SMAs can also be run in parallel to a traditional fund. The investor subscribes to a manager’s co-mingled fund and, in parallel, appoints the same manager to operate an SMA for it. This combined model enables the investor to benefit from a more customisable portfolio, softer fee terms and a negotiable investment horizon, while the manager increases the potential financial firepower that it can deploy without breaching size or concentration restrictions in the main fund agreement and reinforces its relationship with the SMA investor.

Managed accounts can be organised with individual investment managers or, alternatively, through a managed account platform. The platform can be run by a single manager or by a selection of managers. The manager is able to reduce the burden of running multiple SMAs by delegating the administrative functions to third party providers. Platforms can offer investors lower minimum subscriptions and better redemption rights than might be negotiable in a typical co-mingled fund. Platforms can also offer access to certain sector specialisations or strategies via separate cells or portfolios – the investor can be offered a managed account at the cell/portfolio level of the platform or, alternatively, can hold shares or interests in the platform linked to one or more cells/portfolios, i.e. in a “fund of one”.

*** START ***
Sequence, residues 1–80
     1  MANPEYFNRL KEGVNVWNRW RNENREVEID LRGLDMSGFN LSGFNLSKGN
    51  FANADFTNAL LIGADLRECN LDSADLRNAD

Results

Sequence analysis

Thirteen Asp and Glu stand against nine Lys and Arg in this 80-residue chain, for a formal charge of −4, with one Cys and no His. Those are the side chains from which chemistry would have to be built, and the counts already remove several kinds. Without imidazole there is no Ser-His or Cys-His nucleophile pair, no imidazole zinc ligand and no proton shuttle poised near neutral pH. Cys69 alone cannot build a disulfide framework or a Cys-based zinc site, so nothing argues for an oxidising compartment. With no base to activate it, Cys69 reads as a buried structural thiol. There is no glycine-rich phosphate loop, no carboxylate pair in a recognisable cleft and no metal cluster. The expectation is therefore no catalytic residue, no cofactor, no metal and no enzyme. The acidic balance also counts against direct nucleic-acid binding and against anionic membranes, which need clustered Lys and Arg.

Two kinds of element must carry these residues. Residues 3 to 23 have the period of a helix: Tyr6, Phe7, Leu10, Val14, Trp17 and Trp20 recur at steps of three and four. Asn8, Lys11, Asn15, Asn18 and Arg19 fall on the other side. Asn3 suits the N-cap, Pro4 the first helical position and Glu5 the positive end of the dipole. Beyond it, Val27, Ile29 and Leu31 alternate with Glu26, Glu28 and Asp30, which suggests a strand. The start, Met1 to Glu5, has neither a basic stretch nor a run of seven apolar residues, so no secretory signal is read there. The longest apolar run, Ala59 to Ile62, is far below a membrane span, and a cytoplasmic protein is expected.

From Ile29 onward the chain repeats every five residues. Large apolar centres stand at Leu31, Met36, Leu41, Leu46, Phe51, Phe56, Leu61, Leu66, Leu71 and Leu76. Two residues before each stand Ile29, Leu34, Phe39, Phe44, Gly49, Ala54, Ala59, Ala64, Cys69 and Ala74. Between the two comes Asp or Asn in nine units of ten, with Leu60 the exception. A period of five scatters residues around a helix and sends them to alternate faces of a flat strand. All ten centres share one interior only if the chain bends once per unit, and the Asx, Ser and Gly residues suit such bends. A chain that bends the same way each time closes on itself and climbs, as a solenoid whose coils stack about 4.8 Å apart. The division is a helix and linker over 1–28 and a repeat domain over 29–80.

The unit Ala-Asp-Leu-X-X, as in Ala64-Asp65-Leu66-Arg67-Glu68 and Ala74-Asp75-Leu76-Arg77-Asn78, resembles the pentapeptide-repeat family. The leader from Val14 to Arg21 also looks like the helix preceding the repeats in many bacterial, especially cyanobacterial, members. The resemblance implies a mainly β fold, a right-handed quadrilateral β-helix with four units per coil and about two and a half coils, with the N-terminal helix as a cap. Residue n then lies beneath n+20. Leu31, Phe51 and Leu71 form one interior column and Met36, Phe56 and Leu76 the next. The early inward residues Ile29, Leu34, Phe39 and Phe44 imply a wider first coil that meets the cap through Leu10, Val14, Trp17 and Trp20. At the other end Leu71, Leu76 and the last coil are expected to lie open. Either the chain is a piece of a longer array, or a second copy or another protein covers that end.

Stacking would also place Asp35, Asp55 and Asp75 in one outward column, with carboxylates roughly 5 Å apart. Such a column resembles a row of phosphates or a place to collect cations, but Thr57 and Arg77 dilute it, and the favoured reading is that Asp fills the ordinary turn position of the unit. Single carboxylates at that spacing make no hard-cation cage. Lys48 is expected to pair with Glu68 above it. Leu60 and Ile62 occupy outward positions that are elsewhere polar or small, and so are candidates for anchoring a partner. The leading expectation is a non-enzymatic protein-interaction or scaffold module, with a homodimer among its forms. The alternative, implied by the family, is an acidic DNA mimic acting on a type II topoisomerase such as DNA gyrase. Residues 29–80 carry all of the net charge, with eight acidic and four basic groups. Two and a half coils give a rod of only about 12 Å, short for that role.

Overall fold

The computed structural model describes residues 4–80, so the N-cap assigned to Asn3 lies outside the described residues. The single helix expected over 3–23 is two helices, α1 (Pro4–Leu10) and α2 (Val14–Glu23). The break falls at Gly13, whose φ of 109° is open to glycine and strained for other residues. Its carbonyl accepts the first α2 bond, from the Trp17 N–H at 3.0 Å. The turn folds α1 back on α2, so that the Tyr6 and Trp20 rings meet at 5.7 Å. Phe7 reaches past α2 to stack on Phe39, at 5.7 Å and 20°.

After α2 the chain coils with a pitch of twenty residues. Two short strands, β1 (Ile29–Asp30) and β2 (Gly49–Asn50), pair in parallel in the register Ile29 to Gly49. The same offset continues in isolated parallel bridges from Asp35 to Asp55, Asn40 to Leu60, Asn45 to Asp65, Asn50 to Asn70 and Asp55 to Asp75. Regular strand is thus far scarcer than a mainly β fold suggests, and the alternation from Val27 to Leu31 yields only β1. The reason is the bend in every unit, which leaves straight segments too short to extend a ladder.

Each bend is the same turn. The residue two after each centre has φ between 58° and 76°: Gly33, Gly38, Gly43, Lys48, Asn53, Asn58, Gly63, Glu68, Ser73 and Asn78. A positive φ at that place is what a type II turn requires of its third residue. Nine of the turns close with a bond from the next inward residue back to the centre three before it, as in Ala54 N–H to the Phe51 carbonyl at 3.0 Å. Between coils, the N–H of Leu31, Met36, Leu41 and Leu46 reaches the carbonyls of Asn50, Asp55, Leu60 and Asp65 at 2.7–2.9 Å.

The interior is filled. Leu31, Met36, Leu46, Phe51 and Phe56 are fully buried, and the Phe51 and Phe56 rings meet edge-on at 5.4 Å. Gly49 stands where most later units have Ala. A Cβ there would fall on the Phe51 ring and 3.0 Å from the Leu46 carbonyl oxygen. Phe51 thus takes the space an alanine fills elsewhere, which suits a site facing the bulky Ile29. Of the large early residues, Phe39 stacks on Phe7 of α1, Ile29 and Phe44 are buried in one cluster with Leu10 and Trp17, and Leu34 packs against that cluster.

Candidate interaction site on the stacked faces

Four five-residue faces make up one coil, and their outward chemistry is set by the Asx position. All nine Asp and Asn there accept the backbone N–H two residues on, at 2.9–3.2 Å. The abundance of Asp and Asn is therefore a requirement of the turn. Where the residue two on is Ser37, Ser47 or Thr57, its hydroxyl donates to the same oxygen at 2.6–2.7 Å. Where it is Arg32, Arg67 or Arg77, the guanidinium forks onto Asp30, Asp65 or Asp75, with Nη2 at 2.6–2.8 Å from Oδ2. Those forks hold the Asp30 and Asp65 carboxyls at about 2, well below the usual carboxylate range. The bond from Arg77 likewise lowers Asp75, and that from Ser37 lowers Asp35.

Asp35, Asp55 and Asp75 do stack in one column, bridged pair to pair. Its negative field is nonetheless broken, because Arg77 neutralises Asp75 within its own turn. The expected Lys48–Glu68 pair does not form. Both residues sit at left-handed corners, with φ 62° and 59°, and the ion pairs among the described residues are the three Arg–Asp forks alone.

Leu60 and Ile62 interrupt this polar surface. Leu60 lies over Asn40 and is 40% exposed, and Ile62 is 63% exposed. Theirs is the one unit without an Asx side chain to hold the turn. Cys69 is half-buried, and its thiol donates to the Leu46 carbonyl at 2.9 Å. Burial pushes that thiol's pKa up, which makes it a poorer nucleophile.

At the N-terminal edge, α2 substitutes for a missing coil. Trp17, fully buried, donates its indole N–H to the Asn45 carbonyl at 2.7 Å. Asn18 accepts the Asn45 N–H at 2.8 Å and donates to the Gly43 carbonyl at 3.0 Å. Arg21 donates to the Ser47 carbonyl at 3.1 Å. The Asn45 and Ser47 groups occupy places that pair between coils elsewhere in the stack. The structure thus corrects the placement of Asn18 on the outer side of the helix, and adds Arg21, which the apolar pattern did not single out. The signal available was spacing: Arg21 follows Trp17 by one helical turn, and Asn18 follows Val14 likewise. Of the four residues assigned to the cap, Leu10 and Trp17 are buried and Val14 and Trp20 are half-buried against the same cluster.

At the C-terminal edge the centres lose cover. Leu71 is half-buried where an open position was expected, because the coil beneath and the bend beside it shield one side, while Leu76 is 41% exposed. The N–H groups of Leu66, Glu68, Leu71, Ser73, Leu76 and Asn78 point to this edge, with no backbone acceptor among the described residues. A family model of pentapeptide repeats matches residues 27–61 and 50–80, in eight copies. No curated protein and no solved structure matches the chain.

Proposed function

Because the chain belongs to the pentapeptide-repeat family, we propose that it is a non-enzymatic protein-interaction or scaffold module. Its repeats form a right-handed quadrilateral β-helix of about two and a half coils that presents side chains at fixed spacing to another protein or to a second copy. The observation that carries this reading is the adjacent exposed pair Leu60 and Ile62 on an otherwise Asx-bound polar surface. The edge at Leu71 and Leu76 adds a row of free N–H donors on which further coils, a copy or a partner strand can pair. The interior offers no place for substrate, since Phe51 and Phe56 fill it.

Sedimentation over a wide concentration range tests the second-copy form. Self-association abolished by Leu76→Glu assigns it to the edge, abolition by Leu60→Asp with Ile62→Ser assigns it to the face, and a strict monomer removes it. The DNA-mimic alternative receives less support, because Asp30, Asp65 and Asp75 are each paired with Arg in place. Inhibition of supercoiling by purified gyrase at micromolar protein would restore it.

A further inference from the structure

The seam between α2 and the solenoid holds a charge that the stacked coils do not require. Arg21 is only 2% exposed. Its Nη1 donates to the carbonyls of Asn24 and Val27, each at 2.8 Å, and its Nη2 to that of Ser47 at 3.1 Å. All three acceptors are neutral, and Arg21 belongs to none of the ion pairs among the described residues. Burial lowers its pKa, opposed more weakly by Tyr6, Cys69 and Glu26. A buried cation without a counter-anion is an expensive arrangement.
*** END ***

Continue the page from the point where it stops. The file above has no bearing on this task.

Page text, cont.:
Advantages for the investor

  • Control: the SMA investor can tailor investments and asset classes to its specific requirements rather than rely on a more broad brush investment strategy dictated by the manager. Even where the manager has discretionary power, the investor can still maintain a degree of control by directly engaging the administrator and/or depositary, or by terminating the manager.
  • Ownership: the investments held by an SMA are in the name of the investor, even if the manager’s mandate is terminated. Alternatively, they can hold interests or shares in a “fund of one”.
  • Fees: investors have greater latitude to negotiate fee structures that give them more certainty. Management fees are often lower than in a traditional fund.
  • Transparency: the investor has direct access to information about the investments and may therefore find it easier to judge the risks.
  • Withdrawal: it is generally easier to withdraw, and therefore the investor is better able to conform investments to shifts in its appetite for liquidity and risk.
  • Tax gain/loss harvesting: Tax gain/loss harvesting – This is a technique for minimising capital gains tax (CGT) through the selective realisation of gains and losses in the portfolio. For example, an investor could sell a loss-making asset and one that had made a gain, and set off the loss against the gain to minimise (or ideally, eliminate) any CGT liability.